Robert Hunter Interview with Reuters unpublished excerpts

Article Contributed by Randall Mikkelsen | Published on Tuesday, September 24, 2013

Grateful Dead songwriter Robert Hunter talks about creating songs and performing, remembers Garcia, Dylan, Joplin, and reflects on being a test subject for CIA experiments with psychedelic drugs. This is a full transcript of the interview for Reuters, held Aug. 22, 2013. A link to Reuters story is here:

A - Randall. That’s an unusual name, I like it, from ‘Randall My Son,’ which is where Dylan got the melody for “A Hard Rain’s A-Gonna Fall.” So that’s: ‘Where are you going Randall my son? Where have you been my handsome young one?”

Q – I’ve never made that connection before

A - When I saw the name, that’s the first thing I thought of was the tune.

Q-  An old English folksong, right?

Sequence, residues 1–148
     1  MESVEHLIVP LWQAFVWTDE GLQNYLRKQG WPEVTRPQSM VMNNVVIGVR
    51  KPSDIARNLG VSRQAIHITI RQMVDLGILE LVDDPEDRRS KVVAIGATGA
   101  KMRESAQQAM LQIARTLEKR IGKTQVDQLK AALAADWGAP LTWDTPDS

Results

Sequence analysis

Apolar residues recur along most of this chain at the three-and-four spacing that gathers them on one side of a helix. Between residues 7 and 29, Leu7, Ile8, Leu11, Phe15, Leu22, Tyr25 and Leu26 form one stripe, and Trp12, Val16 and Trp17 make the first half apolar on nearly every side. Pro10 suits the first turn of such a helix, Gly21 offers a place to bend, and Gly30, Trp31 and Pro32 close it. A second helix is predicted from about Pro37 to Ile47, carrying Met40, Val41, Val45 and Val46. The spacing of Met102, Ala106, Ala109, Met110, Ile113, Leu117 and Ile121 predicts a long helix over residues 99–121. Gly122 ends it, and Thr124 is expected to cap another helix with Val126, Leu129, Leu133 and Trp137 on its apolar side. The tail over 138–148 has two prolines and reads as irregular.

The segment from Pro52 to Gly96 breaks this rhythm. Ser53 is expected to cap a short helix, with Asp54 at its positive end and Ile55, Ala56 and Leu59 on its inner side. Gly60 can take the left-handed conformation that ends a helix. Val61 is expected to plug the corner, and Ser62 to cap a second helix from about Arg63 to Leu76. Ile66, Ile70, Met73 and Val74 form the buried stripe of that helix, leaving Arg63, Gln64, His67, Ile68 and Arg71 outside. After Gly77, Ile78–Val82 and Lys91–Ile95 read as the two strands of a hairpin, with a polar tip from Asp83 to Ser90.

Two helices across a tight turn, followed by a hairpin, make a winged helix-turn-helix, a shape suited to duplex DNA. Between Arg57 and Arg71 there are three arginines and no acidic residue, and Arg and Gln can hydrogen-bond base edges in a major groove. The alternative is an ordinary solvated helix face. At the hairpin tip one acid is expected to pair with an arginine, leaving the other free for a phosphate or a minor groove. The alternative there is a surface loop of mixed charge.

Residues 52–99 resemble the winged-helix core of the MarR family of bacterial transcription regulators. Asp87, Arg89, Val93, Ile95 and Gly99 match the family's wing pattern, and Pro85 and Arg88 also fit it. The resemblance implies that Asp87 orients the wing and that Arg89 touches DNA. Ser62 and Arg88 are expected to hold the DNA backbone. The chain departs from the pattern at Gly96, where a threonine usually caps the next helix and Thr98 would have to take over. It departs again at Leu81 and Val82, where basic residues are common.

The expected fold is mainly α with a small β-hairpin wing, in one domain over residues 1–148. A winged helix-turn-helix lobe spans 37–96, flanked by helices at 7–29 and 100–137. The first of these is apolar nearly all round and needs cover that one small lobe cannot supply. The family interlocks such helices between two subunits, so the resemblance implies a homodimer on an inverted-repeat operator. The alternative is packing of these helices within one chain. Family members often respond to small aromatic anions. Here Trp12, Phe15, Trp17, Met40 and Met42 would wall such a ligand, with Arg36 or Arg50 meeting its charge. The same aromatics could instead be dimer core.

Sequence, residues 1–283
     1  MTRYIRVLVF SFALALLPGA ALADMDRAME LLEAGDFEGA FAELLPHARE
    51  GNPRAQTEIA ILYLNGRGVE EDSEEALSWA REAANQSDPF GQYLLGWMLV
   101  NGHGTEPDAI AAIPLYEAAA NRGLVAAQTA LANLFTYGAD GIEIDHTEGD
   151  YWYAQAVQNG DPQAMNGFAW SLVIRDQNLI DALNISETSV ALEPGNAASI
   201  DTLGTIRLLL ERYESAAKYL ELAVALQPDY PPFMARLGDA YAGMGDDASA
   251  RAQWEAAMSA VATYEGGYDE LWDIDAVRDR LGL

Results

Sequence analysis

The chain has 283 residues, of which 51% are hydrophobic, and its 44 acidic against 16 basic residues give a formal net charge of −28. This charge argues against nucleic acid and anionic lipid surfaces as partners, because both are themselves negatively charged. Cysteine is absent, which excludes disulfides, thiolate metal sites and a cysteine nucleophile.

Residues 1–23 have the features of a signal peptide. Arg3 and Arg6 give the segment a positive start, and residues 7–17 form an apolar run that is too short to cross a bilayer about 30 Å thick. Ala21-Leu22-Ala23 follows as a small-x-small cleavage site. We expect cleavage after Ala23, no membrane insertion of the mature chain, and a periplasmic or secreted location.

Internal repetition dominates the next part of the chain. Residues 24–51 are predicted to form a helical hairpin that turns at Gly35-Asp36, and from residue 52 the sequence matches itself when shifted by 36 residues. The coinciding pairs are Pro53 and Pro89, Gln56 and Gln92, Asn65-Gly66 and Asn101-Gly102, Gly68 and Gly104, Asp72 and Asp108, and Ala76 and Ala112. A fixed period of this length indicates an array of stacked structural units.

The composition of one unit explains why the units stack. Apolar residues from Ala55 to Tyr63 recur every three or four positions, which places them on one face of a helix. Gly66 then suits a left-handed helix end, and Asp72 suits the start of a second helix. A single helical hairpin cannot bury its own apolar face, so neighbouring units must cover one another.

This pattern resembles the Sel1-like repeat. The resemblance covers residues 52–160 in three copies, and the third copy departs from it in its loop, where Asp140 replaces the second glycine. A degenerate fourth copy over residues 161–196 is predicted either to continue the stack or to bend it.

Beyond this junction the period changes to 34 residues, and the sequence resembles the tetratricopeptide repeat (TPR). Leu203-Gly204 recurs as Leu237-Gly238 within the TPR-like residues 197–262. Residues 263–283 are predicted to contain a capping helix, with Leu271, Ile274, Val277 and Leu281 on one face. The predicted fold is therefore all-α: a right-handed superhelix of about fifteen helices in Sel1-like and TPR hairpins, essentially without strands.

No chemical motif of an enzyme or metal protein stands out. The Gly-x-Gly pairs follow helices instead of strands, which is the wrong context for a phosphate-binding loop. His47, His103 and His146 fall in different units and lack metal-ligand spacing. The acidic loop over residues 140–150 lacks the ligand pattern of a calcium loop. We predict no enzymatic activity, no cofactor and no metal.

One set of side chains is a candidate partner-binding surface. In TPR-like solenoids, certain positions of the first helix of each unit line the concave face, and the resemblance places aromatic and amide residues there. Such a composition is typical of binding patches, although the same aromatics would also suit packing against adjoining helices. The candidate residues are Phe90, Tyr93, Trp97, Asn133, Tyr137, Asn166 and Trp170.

A – Yeah, so (singing): “Where have you gone Randall my son, where have you gone, my pretty young one. I’ve been to dadada dadada dadada” -- that’s where the ‘hard-rain’s gonna fall’ verses come in on Bob’s song.

Q – I’ll take that as a serenade, thank you.

Q – So you’re going on tour. It seems like you go about once every 7-10 years or so. One of the times I saw you was at Hershey Park. I remember you walking off stage playing the last refrains of Ripple, which is a very personal song to me.

A - That song always does it for me. It does it for the audience too. It’s hard to top what works for both the performer and the audience

Q – How did this tour come about?

A – I asked myself the question, “If not now, when?” and then I called my agent.

Q - Was it easy to put together